My transition to full-time filmmaker was supposed to start with cake.
Me standing before the newsroom, waxing poetic about the noble mission of journalism.
Applause. Hugs. Freeport Bakery Fruit Tart.
My film account freshly flush, I’d kiss The Sacramento Bee goodbye. Maybe I’d even write some insider film blog for The Bee as I poured full-time into my documentary “Do the Dance.”
For those new to this blog, I’m Ed Fletcher a now former reporter for The Sacramento Bee.
I didn’t leave with a cake. I left in mass. The victim of one of the largest per capita layoffs in The Sacramento Bee’s history.
I grew up in the Sacramento suburb of Orangevale, which was also home of the topless beer bar at the center of the documentary. After attending college in Louisiana, I returned to Sacramento in 2000 and started a nearly 18-year run at The Bee covering state, regional and local government as well as many years as a general assignment reporter.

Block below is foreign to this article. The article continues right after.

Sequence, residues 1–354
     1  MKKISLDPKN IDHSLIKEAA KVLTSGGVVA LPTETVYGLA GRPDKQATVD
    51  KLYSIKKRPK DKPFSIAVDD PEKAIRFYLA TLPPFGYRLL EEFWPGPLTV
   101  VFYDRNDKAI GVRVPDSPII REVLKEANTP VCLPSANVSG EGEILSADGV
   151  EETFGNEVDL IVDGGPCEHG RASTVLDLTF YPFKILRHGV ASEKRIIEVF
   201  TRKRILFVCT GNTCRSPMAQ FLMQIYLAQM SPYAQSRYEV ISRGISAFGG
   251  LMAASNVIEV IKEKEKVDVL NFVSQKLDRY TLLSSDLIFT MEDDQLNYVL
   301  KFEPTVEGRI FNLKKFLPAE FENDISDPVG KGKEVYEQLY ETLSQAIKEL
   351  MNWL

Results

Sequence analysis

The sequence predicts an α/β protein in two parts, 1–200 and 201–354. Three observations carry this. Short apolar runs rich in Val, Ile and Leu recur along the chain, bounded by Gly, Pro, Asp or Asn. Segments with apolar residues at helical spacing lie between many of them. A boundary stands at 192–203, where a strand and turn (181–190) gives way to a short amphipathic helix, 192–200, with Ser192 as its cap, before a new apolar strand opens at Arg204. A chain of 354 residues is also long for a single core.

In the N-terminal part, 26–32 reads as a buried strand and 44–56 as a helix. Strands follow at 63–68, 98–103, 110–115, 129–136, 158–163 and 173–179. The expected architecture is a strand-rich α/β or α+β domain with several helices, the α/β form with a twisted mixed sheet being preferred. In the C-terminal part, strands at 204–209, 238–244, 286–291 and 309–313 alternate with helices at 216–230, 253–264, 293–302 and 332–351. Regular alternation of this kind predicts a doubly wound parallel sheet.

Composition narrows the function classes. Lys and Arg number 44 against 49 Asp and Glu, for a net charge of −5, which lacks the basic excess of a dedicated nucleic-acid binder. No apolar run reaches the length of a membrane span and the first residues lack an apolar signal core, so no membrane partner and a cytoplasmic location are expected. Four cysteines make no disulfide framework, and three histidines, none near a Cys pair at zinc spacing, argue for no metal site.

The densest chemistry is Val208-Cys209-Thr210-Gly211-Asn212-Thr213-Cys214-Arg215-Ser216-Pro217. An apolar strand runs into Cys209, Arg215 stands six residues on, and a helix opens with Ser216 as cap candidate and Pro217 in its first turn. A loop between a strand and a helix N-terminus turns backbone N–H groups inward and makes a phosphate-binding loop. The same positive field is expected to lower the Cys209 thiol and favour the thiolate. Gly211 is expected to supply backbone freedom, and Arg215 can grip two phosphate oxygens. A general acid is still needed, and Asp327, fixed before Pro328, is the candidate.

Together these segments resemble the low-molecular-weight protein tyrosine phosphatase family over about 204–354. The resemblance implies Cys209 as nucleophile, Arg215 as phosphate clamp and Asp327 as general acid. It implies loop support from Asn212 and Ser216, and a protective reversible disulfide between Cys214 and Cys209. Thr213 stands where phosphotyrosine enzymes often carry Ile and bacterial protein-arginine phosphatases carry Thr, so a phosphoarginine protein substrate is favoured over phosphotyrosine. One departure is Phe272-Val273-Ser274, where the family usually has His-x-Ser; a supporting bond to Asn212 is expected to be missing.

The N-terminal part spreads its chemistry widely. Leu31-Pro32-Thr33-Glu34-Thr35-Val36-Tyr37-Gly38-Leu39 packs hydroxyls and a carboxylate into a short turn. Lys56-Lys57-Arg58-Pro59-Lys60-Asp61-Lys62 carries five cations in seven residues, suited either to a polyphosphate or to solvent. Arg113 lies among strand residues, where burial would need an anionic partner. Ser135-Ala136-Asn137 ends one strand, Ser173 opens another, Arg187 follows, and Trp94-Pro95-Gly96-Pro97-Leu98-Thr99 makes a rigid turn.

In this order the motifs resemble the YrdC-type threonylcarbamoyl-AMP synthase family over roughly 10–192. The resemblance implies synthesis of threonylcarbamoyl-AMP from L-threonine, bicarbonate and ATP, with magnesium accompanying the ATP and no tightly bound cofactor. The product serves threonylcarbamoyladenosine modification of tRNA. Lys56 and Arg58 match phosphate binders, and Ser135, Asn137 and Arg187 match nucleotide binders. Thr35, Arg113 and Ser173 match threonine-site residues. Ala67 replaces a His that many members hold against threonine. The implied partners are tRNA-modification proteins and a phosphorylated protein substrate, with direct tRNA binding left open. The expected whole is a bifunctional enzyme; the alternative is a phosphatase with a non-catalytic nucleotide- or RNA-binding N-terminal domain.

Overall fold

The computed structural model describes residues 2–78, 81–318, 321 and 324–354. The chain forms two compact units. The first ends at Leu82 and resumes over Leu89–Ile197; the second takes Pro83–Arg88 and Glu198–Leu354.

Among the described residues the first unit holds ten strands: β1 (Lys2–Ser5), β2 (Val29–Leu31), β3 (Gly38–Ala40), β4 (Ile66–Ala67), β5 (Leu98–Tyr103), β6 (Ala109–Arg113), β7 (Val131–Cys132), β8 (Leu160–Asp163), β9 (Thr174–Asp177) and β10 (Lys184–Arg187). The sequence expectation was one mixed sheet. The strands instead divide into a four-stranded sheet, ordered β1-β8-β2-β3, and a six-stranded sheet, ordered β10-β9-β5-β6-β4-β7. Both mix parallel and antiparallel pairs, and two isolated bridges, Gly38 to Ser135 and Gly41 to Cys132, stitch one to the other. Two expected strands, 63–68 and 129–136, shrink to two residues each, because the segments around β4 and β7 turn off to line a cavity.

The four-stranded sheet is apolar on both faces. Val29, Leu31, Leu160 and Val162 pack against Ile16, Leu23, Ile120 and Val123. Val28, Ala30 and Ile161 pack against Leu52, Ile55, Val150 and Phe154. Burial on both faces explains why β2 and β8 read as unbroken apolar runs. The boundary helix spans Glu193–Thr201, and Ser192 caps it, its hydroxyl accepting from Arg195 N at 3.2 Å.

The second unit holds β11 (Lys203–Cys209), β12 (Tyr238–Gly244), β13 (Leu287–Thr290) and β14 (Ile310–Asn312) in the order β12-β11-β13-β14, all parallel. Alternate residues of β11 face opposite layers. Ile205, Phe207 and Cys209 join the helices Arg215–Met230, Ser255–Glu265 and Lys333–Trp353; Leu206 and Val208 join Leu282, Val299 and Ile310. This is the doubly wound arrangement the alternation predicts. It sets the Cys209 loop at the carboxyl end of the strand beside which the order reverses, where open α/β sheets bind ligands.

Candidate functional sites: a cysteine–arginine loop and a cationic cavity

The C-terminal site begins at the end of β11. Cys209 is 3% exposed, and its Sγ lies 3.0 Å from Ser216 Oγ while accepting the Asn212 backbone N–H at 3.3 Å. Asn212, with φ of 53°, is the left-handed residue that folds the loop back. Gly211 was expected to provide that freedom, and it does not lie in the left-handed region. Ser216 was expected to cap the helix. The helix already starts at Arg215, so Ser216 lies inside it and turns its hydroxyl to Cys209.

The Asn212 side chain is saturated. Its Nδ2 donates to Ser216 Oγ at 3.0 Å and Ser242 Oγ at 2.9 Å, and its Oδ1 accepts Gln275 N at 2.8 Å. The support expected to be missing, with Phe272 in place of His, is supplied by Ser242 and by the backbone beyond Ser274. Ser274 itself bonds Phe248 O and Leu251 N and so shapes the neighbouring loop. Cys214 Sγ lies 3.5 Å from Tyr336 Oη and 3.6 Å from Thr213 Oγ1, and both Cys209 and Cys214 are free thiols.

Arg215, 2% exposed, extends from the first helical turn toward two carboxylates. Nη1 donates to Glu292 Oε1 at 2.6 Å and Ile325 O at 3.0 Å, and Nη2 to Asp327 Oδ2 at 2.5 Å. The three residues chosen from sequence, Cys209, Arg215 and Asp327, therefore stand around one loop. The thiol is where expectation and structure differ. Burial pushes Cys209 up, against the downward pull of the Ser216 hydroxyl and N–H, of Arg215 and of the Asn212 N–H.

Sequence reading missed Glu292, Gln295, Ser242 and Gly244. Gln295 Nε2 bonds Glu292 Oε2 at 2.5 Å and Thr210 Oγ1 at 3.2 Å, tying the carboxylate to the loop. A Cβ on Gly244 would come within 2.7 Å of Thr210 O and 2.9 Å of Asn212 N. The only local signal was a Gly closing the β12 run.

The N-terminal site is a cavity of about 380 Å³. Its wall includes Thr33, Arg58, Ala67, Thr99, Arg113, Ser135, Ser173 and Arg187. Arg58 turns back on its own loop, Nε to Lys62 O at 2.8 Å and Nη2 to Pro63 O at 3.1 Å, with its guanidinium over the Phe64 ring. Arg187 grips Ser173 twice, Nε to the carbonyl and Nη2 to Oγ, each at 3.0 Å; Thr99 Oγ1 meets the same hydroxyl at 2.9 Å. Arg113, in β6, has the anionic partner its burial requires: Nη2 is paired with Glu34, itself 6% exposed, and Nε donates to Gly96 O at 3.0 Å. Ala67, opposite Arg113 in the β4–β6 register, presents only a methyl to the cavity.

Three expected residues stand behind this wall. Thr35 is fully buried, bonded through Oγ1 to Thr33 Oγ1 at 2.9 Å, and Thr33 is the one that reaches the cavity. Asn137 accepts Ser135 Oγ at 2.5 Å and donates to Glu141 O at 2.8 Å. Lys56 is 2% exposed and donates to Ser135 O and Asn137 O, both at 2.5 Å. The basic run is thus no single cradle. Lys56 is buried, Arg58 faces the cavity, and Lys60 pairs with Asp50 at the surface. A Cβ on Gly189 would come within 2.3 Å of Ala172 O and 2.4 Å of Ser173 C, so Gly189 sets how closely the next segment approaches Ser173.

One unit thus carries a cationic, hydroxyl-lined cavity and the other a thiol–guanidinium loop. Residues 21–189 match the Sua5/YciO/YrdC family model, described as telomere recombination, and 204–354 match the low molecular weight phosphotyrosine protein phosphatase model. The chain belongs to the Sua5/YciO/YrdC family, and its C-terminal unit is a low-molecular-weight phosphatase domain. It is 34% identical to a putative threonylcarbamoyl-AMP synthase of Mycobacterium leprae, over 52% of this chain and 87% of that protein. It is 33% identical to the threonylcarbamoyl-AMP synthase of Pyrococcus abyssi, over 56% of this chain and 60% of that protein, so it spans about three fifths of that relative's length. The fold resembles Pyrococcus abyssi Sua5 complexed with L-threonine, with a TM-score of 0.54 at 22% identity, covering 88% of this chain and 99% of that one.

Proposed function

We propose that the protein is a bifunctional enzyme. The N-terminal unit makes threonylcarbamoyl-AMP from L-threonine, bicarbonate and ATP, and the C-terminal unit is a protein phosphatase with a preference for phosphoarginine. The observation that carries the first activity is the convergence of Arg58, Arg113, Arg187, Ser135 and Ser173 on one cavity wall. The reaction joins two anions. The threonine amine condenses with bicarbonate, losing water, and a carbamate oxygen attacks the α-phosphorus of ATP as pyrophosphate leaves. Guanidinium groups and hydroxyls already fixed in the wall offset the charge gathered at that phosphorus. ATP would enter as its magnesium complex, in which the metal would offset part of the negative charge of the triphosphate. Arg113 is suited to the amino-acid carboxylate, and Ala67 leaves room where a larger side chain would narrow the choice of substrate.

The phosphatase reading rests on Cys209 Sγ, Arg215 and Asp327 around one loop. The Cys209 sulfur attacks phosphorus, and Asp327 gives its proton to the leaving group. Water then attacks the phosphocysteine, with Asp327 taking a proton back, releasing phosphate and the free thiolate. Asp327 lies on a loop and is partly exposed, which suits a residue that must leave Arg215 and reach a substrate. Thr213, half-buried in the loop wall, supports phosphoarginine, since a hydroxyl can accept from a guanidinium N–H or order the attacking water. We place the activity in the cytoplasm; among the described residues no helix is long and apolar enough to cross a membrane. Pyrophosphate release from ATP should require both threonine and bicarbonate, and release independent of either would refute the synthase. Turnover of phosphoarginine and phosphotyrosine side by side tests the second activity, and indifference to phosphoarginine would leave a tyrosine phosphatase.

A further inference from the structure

Since I’d learned of the crazy 1969 Pink Pussykat indecency trial through an editor at The Bee, I’d always hoped my creative side project would align with the newspaper’s goal and create a win-win for us all.
I won’t go into why The Bee didn’t support this project, but it’s safe to say historically The Bee has not been a place where new ideas are embraced or side projects are supported.
Over the years, I’ve had dozens of good ideas die without the support they needed, thus I turned more of my energy and ideas toward projects outside of the office.
Giving life to a project of this complexity while working major metro daily newspaper is not for those without stamina. I’d moved the project along nicely, raising $10,000 last year to support the effort, but there have been struggles.
One challenge has been raising the money needed without threatening my journalistic integrity. Being a reporter that sometimes covered The Sacramento Kings meant not taking or asking for money from the team’s wealthy owners. The same scenario applied to Sacramento developers. Asking them for money, created a new potential conflict-of-interest to report to management.
The upside of being a former reporter is that I now have the time and motivation to attack this project like never before and as my own boss, I’m suddenly conflict-free.
In the short-term, a expect a Sacramento interview date to be announced soon and a renewed (conflict-free) charge at fundraising.